A logical follow-up to lastminute.com is clearly Expedia. Why ? Well, firstly because I use it personally (for flights) and secondly because it is one of the leading “OTAs”.
Expedia started in 1996 as a division of Microsoft and did an IPO in 1999. They have a pretty detailed company history web page.
The idea to look at lastminute.com came from my gocompare post, this is what I wrote back then:
Peter Wood hired the former CEO of lastminute.com, Mathew Crummack.
He seems to be a smart guy, however I haven’t seen anything from him about the future strategy yet. The new CFO of GoCompare ist the old deputy CFO from Esure. So the top managers from Esure seem to have preferred to stay.
I haven’t looked that deeply into LastMinute.com but it seems to do better since he left…(note to myself: check Lastminute.com).
As I have quite a lot of travel related companies on my ToDo list, I decided to start a kind of “mini travel” series, similar to my “Watch series”. As I like to travel myself a lot, I think this should be lots of fun to look into those companies.
Lastminute.com is a company based in Switzerland which initially went public in 2014 under the (strange) name “Bravofly Rumbo”. They started out as a website to offer cheap flights in Italy and Spain.-
Hastings Plc, a UK-based direct insurance company was IPOed in 2015 at 1,70 GBP per share (IPO prospectus). To call Hastings a “Mini Admiral” is actually very close to the truth.
The company was founded as an underwriting Agency in 1996 by an American called David Gundlach who then sold the company 10 years later. Via a couple of more transformations (MBO etc.) Hastings then was finally brought to the stock exchange. Interestingly, according to some sources, Gundlach had worked at Admiral before so it is no surprise that Hastings looks pretty much like a 1:1 copy Admiral:
They only do direct business, reinsure significant amounts of their premiums and make their money mostly with anciliariy products and fees instead of investment returns like “classical” insurance companies. They only exception is that they don’t run a price comparison website (PCW) but they sell almost all policies via PCWs. Like Admiral, they have branched out into home insurance from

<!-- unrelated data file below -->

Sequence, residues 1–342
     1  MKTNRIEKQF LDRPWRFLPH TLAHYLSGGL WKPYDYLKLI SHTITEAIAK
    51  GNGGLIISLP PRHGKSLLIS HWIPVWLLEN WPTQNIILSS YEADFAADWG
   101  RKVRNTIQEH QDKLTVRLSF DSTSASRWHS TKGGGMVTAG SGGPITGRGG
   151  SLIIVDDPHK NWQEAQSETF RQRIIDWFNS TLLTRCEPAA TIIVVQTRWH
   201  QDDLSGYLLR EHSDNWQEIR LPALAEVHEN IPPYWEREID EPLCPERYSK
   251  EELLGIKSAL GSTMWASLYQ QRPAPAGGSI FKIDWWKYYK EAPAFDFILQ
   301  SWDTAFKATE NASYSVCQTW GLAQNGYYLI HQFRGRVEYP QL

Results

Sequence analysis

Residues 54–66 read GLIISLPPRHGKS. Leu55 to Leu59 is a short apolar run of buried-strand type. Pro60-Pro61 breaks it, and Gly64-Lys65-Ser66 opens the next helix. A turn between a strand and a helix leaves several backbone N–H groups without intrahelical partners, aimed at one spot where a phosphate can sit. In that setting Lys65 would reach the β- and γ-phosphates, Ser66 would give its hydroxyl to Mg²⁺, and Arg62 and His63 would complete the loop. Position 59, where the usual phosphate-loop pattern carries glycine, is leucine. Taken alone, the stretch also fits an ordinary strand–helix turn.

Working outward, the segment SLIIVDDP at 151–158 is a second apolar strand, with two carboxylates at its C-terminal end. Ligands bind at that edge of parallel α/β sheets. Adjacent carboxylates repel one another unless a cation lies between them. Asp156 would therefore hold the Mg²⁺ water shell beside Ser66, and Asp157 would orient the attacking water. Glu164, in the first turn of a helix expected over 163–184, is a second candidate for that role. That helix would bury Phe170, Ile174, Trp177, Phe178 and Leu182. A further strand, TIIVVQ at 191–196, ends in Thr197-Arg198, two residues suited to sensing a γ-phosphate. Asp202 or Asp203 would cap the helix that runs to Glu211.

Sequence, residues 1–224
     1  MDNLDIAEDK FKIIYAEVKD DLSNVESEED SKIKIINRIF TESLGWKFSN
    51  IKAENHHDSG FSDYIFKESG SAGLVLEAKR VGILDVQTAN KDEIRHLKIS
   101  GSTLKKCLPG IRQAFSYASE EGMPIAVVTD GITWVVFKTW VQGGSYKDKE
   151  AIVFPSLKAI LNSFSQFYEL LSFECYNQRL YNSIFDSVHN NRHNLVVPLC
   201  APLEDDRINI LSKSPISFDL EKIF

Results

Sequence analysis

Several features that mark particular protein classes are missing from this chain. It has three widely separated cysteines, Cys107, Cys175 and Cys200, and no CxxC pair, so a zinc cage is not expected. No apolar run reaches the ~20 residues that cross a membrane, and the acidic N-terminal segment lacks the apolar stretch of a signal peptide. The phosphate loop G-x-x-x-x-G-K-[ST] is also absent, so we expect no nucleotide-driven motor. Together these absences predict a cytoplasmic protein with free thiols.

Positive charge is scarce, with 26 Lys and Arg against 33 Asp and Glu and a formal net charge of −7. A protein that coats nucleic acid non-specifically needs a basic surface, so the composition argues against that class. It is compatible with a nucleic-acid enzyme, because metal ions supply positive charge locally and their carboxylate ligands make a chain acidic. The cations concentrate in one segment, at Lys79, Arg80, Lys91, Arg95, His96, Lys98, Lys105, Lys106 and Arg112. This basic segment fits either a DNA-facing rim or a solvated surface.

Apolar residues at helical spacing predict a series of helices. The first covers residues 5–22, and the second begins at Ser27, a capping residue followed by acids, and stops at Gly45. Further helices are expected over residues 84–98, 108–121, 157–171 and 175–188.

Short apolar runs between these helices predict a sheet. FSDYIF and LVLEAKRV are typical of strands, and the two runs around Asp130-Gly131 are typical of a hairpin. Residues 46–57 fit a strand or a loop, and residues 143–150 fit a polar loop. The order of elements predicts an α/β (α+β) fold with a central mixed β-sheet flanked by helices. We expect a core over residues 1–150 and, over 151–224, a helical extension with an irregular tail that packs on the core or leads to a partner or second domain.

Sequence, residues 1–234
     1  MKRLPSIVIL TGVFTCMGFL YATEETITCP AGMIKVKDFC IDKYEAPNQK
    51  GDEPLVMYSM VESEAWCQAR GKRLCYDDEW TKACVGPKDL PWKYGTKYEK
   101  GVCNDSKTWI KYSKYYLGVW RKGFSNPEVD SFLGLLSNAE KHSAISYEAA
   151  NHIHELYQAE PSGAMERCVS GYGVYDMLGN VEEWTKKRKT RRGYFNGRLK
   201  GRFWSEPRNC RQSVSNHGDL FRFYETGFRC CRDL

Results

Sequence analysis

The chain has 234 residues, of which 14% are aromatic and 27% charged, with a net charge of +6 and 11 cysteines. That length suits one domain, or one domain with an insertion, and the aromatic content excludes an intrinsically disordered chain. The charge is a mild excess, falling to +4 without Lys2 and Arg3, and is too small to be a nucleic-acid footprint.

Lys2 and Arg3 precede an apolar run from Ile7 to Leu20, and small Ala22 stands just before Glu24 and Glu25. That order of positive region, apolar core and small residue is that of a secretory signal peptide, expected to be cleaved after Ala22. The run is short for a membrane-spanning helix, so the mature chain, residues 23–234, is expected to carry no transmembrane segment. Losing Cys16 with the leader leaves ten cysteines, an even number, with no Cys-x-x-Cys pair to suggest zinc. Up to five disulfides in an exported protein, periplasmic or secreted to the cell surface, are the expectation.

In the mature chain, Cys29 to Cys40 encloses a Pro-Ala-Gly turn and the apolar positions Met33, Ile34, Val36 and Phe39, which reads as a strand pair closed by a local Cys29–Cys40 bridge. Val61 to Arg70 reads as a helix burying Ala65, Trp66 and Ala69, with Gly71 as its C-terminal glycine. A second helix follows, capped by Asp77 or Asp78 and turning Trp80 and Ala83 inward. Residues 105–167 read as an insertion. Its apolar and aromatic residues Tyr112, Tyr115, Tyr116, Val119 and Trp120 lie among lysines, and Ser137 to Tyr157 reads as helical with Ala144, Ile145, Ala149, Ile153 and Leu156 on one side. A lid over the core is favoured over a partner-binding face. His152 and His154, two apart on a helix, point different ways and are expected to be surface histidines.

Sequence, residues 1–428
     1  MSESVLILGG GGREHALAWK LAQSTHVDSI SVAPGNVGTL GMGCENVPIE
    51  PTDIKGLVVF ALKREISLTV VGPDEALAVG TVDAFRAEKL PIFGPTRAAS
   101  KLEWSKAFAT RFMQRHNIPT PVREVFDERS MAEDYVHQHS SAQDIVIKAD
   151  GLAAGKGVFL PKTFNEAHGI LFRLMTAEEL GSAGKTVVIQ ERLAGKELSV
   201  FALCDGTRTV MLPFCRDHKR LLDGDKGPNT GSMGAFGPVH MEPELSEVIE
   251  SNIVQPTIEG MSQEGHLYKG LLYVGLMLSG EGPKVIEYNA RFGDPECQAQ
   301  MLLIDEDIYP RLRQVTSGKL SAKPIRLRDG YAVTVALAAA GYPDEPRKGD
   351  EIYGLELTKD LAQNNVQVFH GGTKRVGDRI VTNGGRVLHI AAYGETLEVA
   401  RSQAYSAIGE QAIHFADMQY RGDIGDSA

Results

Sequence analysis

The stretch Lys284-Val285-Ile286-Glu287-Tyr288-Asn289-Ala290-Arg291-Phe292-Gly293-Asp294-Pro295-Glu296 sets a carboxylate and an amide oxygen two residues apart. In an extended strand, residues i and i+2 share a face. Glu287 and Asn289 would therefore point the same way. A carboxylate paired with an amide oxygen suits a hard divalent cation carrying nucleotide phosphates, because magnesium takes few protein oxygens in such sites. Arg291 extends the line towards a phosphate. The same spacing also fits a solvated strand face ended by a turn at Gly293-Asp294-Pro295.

Hastings currently has a market cap of ~1.5 bn GBP and trades at an estimated 17,6 times 2016 earnings.
The rights issue
Those who have been reading the blog long enough might remember that Italy in general is a good hunting ground for “interesting” deeply discounted rights issues and especially Unicredit rights issues in the past were very interesting experiences.
So roughly 4 years later, Unicredit has launched another rights issue. Ex date for the subscription right has been Monday, February 6th.
The conditions were as follows:
- 13 new shares for 5 existing ones
- a subscription price of 8,09 EUR
- total volume 13 bn EUR (!!!)
- subscription rights trade under the ticker UCGAZ
The Company / Spin-off
Gocompare.com (GoCo) has been spun-off from parent Esure in the beginning of November, a week before the US elections and only a few days before Italgas SpA. As a “parting gift”, Esure took out a special dividend of about 75 mn GBP financed by some net cash and a 70 mn GBP loan before spinning the company off-
In my understanding, the major reason for the spin-off was that Esure, the listed UK online direct insurer was short in solvency capital and that this transaction improved the solvency substantially.
Every Esure investor got one GoCo share for an Esure share. Interestingly, Toscafund, the second largest shareholder only holds 14% in Goco compared to 16,7 for Esure, so they seem to have sold some shares.
John Hempton has a very interesting post on when to average down into a stock.
As a summary, one should not average down into a stock if
- a company has a lot of financial leverage
- a company has significant operating leverage
- the company is in danger of becoming obsolete
I think this is already a pretty good advice, as a counter example he gives Coca Cola where one can average down “without much risk”. As this is a very interesting topic, I wanted to contribute my 5 cents to this:
Behavioural biases at work
In my experience, averaging down is often motivated by a couple of behavioural biases.
The major bias which “helps” investors and especially professional ones to average down in the wrong cases is in my experience the “over confidence” bias.
Oaktree Capital is an US-based listed asset manager specializing in alternative assets and more specifically in “distressed” securities. Co-founder Howard Marks became quite famous and is one of the most intelligent people in the investment industry. I had reviewed his book 5 years ago and read everything he writes with great interest.
Oaktree is clearly one of the “Highest quality” names in Alternative Asset Management with a very good long-term track record. A reader mentioned Oaktree in the “ideal company post” and as I had them on my list anyway I decided to make this my first analysis for 2017.